BL: In the 70s and 80s, the volume approach was working, but we lost all that because guys started ratcheting up the miles so much, into the 170s and 200-mile range, and guys started getting hurt, and it kind of gave distance running a bad name. Seb Coe and his father publicised the fact intensity was so important, but they tended to leave out the fact that George Gandy was training Sebastian Coe in the fall and winter. They were running 80 miles a week through the hills, and he was very strong when his father started training him for track. A lot was lost in translation when Peter Coe came over here and talked about the intensity he trained Coe with.
In the 2000s, we set out to get the volume up again. Interval training is important but don’t put the cart in front of the horse. Get them fit first, get the base, then the threshold, then you move to the intervals. It’s worked. Now, in one race alone, the Arcadia high school meet, you have 18 guys going under 9 minutes for 3,200m. In the 1990s we didn’t have a single American in high school going under it in certain years.
CD: If you can stay healthy, is more mileage generally better?
BL: All of us get in trouble when we think of the more, the better. I always remind myself to get the most out of the least amount of work. I’ve been guilty of pushing beyond that line, though.
CD: Is it possible to reach an absolute peak as a distance runner without training at altitude?
BL: I think Meb could have got to 27:13 (for 10,000 meters) without training at altitude, but it would have taken him longer to get there. In 2001, we did three weeks at altitude with Meb, then one week down and he ran the American record; that got everybody’s attention. We don’t try to convince everyone to go to altitude. There are times when an athlete can’t. You can run very fast based at sea level. Just look at the Irish runners over the years, but the bar keeps being raised, and to be able to do what these guys are doing is tough without altitude training.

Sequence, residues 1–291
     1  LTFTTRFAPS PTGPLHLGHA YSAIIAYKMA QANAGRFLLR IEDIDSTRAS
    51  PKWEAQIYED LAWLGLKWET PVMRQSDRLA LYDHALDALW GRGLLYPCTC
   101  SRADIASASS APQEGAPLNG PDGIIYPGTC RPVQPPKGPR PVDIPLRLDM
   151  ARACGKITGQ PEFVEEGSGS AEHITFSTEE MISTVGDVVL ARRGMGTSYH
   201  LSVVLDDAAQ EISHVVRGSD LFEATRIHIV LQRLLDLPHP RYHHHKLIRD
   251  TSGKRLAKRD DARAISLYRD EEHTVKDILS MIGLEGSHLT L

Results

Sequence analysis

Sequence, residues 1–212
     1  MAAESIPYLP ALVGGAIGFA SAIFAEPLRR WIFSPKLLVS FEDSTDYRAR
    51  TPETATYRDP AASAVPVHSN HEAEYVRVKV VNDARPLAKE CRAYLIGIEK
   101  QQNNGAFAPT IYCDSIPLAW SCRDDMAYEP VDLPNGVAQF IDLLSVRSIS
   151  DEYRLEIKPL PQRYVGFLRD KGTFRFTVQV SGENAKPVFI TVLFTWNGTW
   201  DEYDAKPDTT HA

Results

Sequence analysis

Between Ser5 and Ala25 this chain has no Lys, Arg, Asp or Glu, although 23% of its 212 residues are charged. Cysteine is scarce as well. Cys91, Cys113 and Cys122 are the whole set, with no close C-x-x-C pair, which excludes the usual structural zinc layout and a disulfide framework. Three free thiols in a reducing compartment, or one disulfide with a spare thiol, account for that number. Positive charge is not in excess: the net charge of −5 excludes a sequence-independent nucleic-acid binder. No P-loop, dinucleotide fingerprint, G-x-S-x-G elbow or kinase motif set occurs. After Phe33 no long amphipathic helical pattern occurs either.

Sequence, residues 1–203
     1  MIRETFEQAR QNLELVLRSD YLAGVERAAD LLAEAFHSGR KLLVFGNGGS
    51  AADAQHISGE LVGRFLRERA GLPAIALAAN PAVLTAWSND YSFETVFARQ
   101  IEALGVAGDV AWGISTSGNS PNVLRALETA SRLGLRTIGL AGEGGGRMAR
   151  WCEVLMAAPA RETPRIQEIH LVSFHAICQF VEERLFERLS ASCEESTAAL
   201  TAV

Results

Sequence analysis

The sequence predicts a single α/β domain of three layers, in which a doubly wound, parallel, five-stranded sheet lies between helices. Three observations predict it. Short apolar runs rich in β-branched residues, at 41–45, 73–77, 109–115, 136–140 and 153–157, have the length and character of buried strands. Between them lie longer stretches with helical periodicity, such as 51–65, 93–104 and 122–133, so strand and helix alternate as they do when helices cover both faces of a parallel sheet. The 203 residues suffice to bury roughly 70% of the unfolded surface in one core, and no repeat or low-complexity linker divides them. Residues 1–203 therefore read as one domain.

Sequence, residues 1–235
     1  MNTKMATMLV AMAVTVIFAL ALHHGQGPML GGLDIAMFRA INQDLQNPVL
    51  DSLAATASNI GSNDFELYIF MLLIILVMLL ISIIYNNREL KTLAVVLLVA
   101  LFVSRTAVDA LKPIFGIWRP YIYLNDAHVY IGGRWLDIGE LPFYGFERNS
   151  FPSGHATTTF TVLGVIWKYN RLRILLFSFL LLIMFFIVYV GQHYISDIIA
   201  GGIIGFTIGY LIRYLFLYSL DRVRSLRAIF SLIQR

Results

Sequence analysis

CD: How long did it take to find what works for Meb and how much has his training evolved over the years?
BL: When he came to UCLA, I felt fairly early on he might have a post-collegiate career. I was head track coach. I was relying mostly on walk-on kids for distance running, so we gave the scholarships to sprinters and throwers because they can score lots of points. It was a blessing in disguise, because if he was at another school he’d have won more NCAA titles, but this way I could bring him along slower, keep him healthy and growing all along that time.
His first year at UCLA, he hit 60 miles a week, but I wasn’t putting 80 or 90 on him like some schools do. I’ve had athletes who were so durable, but with Meb I could never get over 110. With Meb I suspected early on it was better to bump him up slowly.
CD: How do you recognise that in an athlete?
BL: With Meb, it was his background. If Meb pushed too much, he’d come down with a minor injury that was hard to shake off, and we were always looking post-collegiately. Many athletes were used up in college, but I don’t blame the coaches. They’re paid to get results in college, not at Olympic Games. So many guys who beat Meb in college traded success then for the long-term. He’s the last man standing, by far.
You ask yourself what he did differently. Part of it is his willingness to do drills, strength work, nutrition, and he’s stayed motivated all these years, but I think not overdoing it at any one time was key.
In Part two, coming tomorrow on JumpingTheGun, Larsen goes into more detail about how he turned Meb from a good collegiate athlete into one of the world’s great marathon runners via a long-term developmental approach. Larsen also explains more of what he’s learned from decades of coaching at all levels of the sport, and offers his views on where many coaches and athletes are going wrong.